As no great fan of animation, let alone animae, I will admit that I think of Miyazaki as something of an exception. His best films manifest many of the same qualities as the very best of the classical Hollywood system: that is, they succeed in addressing multiple audiences at once, both as organic works of art and as entertainments in their own right. Spirited Away (2001), for instance, is targeted at ten year-old girls, seeking to remedy their principle anxieties, while operating as a parable for the economic crisis for older viewers. Then again, those not within the former demographic are likewise given a glimpse into the young female's psychoses. It is in other words an art that operates on numerous levels, separately addressing different viewers.
Another instance of dual and even multiple address in Miyazaki's work is in its salience for culturally Japanese and non-Japanese audiences. In any context, Spirited Away is a fantasy. However, for the Japanese viewers, it is a fantasy mitigated by Shinto metaphysics. Spirits are everywhere in the work, as kami are everywhere in nature. When a creature enters the spa with a horrendous odor, it is the product of a spirit. Chihiro, the ten year-old protagonist, judiciously cleans the monster, ridding the spa of this terrible spirit. In this way, not only does Spirited Away manifest a Shinto causality, but further upholds one of the religion's four affirmations: the importance of physical cleanliness. To bath in Shinto is to participate in an important purifying ritual.
Another of these affirmations is the sacredness of nature, which is a concern that the filmmaker often returns to throughout his corpus. In films like Nausicaa of the Valley of the Wind (1984) and Princess Mononoke (1997), this Shinto belief is fused with an ecological allegory that condemns reckless industrial civilization, and particularly its employment of nuclear weaponry. That Shinto has so easily coopted environmentalism surely accounts for the latter's prevalence in recent Japanese cinema -- beyond Miyazaki, major works include the Shinto-titled Himatsuri (Mitsuo Yanagimachi, 1985), Rhapsody in August (Akira Kurosawa, 1990), and Charisma (Kiyoshi Kurosawa, 1999), among others.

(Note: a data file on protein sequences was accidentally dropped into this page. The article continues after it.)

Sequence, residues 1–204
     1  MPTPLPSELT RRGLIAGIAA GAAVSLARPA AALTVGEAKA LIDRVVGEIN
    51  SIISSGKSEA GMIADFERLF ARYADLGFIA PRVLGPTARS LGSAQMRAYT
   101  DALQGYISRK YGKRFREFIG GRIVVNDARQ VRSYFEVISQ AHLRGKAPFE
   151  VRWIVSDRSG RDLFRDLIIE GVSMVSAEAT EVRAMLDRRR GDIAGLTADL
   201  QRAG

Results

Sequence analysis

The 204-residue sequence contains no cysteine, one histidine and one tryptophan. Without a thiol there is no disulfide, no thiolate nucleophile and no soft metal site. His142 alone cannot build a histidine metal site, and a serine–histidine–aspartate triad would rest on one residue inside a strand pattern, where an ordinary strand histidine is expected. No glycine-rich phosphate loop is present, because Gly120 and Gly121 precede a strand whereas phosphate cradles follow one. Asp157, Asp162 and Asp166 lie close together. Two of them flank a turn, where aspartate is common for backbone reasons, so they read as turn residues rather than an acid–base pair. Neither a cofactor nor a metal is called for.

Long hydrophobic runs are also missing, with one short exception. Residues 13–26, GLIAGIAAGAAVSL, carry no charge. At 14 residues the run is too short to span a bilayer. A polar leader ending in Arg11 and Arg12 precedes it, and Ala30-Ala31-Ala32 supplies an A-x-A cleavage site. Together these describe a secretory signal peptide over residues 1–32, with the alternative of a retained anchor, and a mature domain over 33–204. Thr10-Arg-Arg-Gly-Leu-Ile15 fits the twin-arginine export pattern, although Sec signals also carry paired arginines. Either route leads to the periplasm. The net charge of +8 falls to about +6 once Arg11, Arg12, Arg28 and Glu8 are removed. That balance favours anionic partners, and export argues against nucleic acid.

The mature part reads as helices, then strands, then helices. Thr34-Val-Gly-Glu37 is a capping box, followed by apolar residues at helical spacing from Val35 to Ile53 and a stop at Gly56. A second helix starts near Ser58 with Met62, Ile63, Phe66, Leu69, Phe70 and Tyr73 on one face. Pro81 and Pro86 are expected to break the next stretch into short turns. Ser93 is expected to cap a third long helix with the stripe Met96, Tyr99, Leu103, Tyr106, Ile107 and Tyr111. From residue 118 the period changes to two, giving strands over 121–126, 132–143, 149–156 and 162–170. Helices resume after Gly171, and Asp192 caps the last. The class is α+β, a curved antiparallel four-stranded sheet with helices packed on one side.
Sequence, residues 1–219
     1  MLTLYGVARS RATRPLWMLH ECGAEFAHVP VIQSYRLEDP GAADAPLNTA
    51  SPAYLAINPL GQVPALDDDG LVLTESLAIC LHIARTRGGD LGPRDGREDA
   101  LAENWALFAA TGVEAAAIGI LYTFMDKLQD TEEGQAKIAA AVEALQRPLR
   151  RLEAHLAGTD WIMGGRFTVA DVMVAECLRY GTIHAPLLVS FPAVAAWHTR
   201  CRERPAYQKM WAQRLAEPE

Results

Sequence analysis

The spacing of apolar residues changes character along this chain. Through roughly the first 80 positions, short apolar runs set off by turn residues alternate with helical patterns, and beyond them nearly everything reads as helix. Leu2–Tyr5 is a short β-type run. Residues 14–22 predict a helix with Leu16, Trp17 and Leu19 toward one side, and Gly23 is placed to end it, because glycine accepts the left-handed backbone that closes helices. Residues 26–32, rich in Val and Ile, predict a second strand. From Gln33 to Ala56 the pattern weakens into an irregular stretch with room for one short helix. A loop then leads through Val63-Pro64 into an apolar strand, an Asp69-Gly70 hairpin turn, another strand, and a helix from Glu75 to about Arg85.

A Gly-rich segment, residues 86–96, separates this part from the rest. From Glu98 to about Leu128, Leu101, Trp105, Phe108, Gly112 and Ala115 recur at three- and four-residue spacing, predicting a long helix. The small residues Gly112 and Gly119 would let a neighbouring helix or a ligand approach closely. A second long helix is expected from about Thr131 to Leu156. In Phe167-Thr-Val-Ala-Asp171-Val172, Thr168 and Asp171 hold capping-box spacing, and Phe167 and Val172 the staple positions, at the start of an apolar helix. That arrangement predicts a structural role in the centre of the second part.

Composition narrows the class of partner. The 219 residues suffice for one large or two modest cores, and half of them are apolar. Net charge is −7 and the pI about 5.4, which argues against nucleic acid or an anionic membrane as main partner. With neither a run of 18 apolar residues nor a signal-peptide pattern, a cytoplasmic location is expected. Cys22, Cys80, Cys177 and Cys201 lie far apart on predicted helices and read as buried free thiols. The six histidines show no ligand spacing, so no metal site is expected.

Beyond Japanese cinema, where ecological concerns flow from Shintoist thought, environmentalism has become, arguably, the chief religious art of the modern world. The cathedrals of the medieval world have been since replaced by public spaces that call attention to a transgressive industrial past. Another recent MoMA exhibit perfectly articulated the religious intimations of environmentalist art. Groundswell: Constructing the Contemporary Landscape offers a view of contemporary urban landscapes reappropriated after their industrial dereliction. As the program notes, "nearly every significant landscape designed in recent years occupies a site that has been reinvented and reclaimed from obsolescence or degradation as cities in the postindustrial remake their outdoor spaces." In other words, these new designs represent a sort of contrition toward a misused Mother Earth, often maintaining the scars of their industrial abuse as if a continual reminder for generations ahead of the industrial era's grave sins.
But more on that later: in a film review of mine to be published next month, I further articulate the reasons for evaluating environmentalism as a religion. If you are unable to wait that long, I would recommend Michael Crichton's speech to the Commonweath Club.
As for the current film program at the MoMA, or for Miyazaki's art more generally, it almost goes without saying that it is essential, whether or not its respective religious intimations are of any interest to you. I mention these only out of what is otherwise critical slight: to understand Miyazaki's work in particular, I would argue, it is necessary to understand it within its Shintoist rubric.